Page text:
Stores are still unbeatable advertisements – The Property Chronicle
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Stores are still unbeatable advertisements

Head Of Research

Some managers of physical stores are getting paid for online sales too – and landlords want a slice of the action

While in Downtown Los Angeles a few weeks ago, I saw a large sign – like an oasis in the desert – for Dunkin’ Donuts coffee at a subway stop. Instinct took over and I followed the sign’s directions down into the station, but alas there was not a Dunkies to be found. Taking revenge, I went to Starbucks. That’ll teach Dunkies for trying to fool me with its outdoor advertising! It’s a rare occurrence when advertising costs a company business.

Unlike this misadventure in advertising, the effectiveness of bricks-and-mortar retail real estate to act as a kind of billboard is undisputed. The power of the ‘store as advertisement’ has only increased in the omnichannel age, making it increasingly likely that consumers will buy a retailer’s products online after seeing its signage or walking through one of its stores.

Health ratios (rent as a percentage of in-store sales) are the most common metric used by landlords and retailers to determine how much rent a tenant can reasonably afford. Percentage rent is largely disfavoured by landlords and their lenders for being too difficult to underwrite or subject to manipulation.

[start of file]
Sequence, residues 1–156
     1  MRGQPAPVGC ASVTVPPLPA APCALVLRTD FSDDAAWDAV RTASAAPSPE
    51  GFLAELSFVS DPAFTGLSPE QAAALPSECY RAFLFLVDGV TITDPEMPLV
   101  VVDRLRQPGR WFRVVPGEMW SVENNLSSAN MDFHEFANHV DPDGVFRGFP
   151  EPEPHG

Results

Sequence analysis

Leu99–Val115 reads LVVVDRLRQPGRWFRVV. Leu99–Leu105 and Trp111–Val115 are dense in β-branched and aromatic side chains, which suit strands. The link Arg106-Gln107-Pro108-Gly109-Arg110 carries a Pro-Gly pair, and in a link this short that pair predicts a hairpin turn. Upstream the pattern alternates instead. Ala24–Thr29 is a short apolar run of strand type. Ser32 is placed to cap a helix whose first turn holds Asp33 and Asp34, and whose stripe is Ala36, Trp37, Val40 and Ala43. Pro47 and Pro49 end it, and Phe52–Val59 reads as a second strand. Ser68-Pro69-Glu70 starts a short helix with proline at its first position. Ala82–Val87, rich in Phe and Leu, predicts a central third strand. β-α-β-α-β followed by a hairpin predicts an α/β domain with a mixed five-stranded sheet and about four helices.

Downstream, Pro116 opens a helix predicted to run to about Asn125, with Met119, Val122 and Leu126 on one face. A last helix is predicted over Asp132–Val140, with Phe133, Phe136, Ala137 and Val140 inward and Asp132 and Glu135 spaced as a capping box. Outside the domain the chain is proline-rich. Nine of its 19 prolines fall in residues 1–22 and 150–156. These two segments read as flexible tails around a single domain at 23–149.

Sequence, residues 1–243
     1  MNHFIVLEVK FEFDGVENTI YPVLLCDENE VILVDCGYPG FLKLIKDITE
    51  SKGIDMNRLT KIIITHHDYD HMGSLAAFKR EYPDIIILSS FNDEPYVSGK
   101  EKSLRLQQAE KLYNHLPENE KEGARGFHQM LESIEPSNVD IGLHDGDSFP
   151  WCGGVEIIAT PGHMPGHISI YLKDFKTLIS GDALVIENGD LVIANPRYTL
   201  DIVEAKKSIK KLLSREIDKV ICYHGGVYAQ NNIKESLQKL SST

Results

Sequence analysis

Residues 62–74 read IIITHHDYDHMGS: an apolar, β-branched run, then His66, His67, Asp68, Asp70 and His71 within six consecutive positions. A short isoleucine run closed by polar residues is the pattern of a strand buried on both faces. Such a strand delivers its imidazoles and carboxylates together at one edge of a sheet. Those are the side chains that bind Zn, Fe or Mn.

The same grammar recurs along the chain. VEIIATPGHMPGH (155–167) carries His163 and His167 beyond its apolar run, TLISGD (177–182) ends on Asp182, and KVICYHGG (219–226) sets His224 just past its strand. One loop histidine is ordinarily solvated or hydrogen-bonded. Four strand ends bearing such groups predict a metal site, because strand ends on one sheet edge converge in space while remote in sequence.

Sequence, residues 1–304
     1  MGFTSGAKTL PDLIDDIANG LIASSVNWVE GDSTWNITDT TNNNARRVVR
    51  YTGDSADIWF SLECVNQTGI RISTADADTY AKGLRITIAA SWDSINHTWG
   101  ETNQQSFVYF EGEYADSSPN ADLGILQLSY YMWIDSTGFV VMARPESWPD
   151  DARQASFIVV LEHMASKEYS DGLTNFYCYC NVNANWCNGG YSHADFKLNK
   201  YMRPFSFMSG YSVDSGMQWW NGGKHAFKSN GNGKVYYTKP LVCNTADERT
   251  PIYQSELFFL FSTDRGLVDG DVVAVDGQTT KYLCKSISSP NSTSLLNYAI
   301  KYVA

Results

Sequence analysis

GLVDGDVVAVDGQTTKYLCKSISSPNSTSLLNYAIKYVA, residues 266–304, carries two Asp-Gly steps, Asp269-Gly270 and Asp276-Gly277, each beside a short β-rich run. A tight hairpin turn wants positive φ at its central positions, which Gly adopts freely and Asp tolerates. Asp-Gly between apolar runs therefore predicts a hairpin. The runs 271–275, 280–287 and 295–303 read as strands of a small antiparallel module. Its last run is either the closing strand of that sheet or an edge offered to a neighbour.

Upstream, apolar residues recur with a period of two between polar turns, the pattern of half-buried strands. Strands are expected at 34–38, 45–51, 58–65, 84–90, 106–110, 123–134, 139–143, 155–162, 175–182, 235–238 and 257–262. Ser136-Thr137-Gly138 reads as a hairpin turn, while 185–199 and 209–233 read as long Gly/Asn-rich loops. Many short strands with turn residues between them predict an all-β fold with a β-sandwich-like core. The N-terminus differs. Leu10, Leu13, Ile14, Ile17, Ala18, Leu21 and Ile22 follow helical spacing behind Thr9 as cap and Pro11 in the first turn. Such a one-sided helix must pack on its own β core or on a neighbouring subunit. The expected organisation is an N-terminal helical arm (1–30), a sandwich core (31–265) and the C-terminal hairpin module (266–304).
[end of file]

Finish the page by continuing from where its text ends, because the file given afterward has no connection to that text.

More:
Head Of Research

About Spencer Levy

Spencer Levy

Spencer Levy is Americas Head of Research and Senior Economic Advisor for CBRE. In this role, Spencer is part of the global team setting Research strategy for the company, leads a team of more than 350 professionals in the Americas, and is the chief spokesperson for CBRE in the Americas on economic issues. He is a regular speaker on national television, including CNBC, Fox Business & Bloomberg, as well as being an actively quoted economist in the print media. Spencer is a 22-year veteran of the commercial real estate industry as a lawyer, investment banker, capital markets leader and researcher. He is a graduate of Cornell University and Harvard Law School.

Articles by Spencer Levy

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